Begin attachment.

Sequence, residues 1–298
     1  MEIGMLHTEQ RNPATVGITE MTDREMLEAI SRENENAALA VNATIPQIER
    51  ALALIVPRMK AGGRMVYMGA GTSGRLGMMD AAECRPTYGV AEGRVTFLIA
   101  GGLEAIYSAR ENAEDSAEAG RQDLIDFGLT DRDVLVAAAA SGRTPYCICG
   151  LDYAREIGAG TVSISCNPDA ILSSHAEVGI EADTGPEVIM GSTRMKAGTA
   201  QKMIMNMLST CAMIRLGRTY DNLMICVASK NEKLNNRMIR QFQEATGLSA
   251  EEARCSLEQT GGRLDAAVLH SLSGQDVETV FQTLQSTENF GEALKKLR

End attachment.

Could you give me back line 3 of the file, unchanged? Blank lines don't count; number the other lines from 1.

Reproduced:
    51  ALALIVPRMK AGGRMVYMGA GTSGRLGMMD AAECRPTYGV AEGRVTFLIA